The main objective of the present study was to evaluate the ability of deer musk to inhibit the growth of pathogenic bacteria that are resistant to the different class of antibiotics and known as multidrug-resistant bacteria. Furthermore to provethe antibacterial effect of different concentrations of natural musk on the above-mentioned MDR bacteria. Additionally, herbal medicine based on oil products has shown the effect in literature with good safety profile19. Moreover, musk bacteriostatic and bactericidal effect has been previously discussed by Saddiq7 and many studies were carried out to investigate the use of musk to inhibit the growth of many pathogenic micro-organisms for human, animals and plants, so it is important to examine newer drugs with lesser resistance, wherefore the natural products may present a new source of antimicrobial agents with probably novel mechanisms of action, drugs originated from natural sources show a considerable role in the inhibition and treatment of human diseases. In many developing countries, old-style medicine is one of the main healthcare systems20, around 61% of new drugs established between 1981 and 2002 were formed from natural products and they have been effective, particularly in the infectious disease and cancer21. Many studies cite the inhibitory activity of musk against Gram-negative and Gram-positive organisms as well as fungi. The deer musk showed a great activity in inhibiting the growth of MDR bacteria, probably due to the presence of active ingredients that inhibit bacterial growth. Among the tested micro-organisms, these results are similar to that obtained from a recent study1,4-6,8. In the present study, it focused on the use of antimicrobial testing methods for the in vitro investigation of musk as a potential antimicrobial agent against MDR bacteria. The most known and basic method used in this study for antimicrobial susceptibility testing is the agar disk-diffusion method to see if there is any effect to musk on the bacteria and how effective it is and a microdilution method used to assess the MIC result for a musk. The MIC here is the lowest concentration of musk that inhibits more than 99% of the bacterial population. In addition, the time-killing test is used for determining the bactericidal effect of musk on the selected MDR microbial strain. The time-killing test reveals a time-dependent or a concentration-dependent antimicrobial effect, in this study, followed the time-dependent kill test to achieve the musk effect, also the musk showed effective against all tested micro-organisms especially against Gram-positive bacteria even in the low concentrations as Streptococcus agalactiae, Enterococcus faecalis, Staphylococcus aureus, Staphylococcus capitis and Streptococcus pyogenes which also has a significant effective against all tested Gram-negative microorganisms Klebsiella pneumoniae, Escherichia coli, Actinobacter baumanni, Proteus mirabilis, Serratia marcescens, Pseudomonas aeruginosa. This differentiation in antimicrobial effects between tested bacteria may be due to bacterial strains differences used in this study. This result is in agreement with another study which showed that the musk had an antibacterial effect against, Lactobacillus acidophilus, Lactococcus lactis, Streptococcus thermophiles, Staphylococcus aureus and Penicillium puberulum fungus3. According to the MIC and MBC results showed that musk had a bacteriostatic effect against all MDR bacterial strains that used in this study at the lowest concentration especially against Streptococcus agalactiae registered the lowest MIC value was <0.5% (v/v) and the antimicrobial sensitivity by disk diffusion method values registered >40 mm. The Pseudomonas aeruginosa is notorious for its involvement in nosocomial infections and frequent resistance to antibiotics and there are several studies showed that the Pseudomonas aeruginosa the most highly resistant to EO (essential oil)19,22,23, although the musk comes as an oily nature Pseudomonas aeruginosa showed some resistance against the lowest concentration of musk which the MIC value was >2% (v/v) and it has reduced susceptibility in 1:10 of musk dilution but the musk can effect and inhibit the growth the Pseudomonas aeruginosa with a low concentration and can kill it at the highest concentration depending on increasing the time. Another observation in this study musk and its oil form is a component extracted from genitalia of deer that confirm the role of essential oils in change the morphology of the bacterial colonies by increasing membrane permeability, after 24 h of treatment with musk, the breakdown of rod bacterial cells has been observed and it may perform as a lubricant, which caused branching patterns of the bacteria. Several bacterial strains show colonial branching patterns through growth on poor semisolid substrates, these patterns reflect the bacterial supportive self-organization24. Other explanations, essential oils (EO) and their components have activity against a range of targets, mainly the membrane and cytoplasm and in certain cases, they totally change the morphology of the cells22. Moreover, the hydrophobicity of EO is reliable for the disruption of bacterial structures that leads to increased permeability of cell membrane because of a failure to discrete the EO from the bacterial cell membrane25. The antimicrobial activity of EO comes from its toxic effects on membrane structure and function, damaging the cytoplasmic membrane, cytoplasm coagulation, destructive the membrane proteins, the degradation of the cell wall and raised permeability and causing leakage of the cell contents26-30.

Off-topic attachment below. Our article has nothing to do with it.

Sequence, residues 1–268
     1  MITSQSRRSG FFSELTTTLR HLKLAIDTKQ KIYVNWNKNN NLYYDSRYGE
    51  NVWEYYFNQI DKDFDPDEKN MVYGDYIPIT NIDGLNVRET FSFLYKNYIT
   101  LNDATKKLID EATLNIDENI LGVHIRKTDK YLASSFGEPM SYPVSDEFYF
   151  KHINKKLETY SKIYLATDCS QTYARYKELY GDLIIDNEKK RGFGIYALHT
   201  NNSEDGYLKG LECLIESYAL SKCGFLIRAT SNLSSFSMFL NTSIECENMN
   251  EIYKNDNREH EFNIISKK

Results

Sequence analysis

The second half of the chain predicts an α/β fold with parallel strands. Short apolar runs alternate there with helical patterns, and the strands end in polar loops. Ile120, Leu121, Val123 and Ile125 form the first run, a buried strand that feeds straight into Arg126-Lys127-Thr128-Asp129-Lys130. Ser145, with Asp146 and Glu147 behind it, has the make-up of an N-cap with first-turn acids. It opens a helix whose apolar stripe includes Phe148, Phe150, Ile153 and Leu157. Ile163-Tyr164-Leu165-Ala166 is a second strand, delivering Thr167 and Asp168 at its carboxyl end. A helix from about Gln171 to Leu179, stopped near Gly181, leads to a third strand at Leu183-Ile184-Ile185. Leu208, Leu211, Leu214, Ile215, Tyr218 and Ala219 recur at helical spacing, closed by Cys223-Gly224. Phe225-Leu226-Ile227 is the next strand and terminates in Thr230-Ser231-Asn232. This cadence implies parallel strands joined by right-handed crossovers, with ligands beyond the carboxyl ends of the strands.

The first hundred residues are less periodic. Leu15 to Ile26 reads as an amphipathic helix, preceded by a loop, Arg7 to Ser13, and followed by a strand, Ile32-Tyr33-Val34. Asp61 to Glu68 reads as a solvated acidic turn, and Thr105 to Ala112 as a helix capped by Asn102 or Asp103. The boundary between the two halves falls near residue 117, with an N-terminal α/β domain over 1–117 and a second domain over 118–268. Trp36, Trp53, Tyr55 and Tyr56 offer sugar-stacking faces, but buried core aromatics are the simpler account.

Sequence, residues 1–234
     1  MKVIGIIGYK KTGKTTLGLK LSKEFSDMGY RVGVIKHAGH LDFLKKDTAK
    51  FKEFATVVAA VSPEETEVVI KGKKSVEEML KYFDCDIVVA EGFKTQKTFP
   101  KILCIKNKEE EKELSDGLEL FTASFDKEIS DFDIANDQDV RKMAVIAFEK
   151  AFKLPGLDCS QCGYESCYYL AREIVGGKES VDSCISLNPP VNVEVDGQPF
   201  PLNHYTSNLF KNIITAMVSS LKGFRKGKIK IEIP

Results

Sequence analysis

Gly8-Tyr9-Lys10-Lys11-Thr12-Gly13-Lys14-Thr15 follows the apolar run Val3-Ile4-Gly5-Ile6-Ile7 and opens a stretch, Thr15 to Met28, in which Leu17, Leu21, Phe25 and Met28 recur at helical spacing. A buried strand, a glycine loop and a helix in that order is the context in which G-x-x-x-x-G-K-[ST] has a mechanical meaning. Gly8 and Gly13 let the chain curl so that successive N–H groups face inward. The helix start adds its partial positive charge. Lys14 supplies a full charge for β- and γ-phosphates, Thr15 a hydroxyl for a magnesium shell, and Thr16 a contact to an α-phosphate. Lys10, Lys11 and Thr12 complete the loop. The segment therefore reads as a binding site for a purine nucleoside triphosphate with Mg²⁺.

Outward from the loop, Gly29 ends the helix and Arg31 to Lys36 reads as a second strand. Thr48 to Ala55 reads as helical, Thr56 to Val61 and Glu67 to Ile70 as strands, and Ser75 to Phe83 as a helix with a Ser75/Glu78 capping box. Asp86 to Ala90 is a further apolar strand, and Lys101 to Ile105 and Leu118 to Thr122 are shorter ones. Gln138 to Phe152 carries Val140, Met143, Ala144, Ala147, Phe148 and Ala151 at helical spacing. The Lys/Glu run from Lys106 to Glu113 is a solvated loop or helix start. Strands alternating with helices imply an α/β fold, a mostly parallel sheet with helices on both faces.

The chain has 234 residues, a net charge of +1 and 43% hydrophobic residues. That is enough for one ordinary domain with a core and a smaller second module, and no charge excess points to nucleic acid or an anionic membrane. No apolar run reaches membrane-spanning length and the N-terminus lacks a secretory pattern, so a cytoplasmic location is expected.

It could be concluded that musk presented antibacterial activity against different bacterial strains, but at different levels and all the tested multidrug-resistant bacteria were more or less sensitive to musk has a significant role in human medication, displaying antimicrobial activities. So the main aim to study of the synergistic effects of musk and their components could be applied both to produce the best use of its antibacterial activity and to decrease its concentrations compulsory to accomplish a specific antibacterial effect for food safety and for health purposes and to prove the potential future use of musk as alternatives to common antibiotics and to regulate their capability to improve the activity of antibiotics, according to some studies suggested that musk has a wide spectrum of antimicrobial activity including fungistatic, fungicidal, parasitostatic, bactericidal and bacteriostatic effects.
Discovery of natural products such as musk with effective activity against pathogenic micro-organisms and some MDR strains in the current study as supported by earlier reports from Saudi Arabia, Iraq, Egypt and developed countries such as Germany, Switzerland and Korea further support the viability of observing for an alternative approach to manage drug resistant microbes.
- Al-Jobori, K.M.M., A.I. Al-Ameed and N.M. Witwit, 2015. In vitro antifungal activity of musk. Bull. Environ. Pharmacol. Life Sci., 4: 38-44.
- Saddiq, A.A.N. and S.A. Kalifa, 2011. Impact of fungal content of some Arabic nuts to induce kidney toxicity and agonistic action of natural resources. Afr. J. Microbiol. Res., 5: 1046-1056.
- Badawy, A.F., N.A. Elleboudy and H.M. Hussein, 2014. Assessment of in vitro anti-Trichomonas vaginalis activity of deer musk. Int. J. Adv. Res., 2: 668-678.
- Zowawi, H.M., A.L. Sartor, H.H. Balkhy, T.R. Walsh and S.M. Al Johani et al., 2014. Molecular characterization of carbapenemase-producing Escherichia coli and Klebsiella pneumoniae in the countries of the Gulf cooperation council: Dominance of OXA-48 and NDM producers. Antimicrob Agents Chemother., 58: 3085-3090.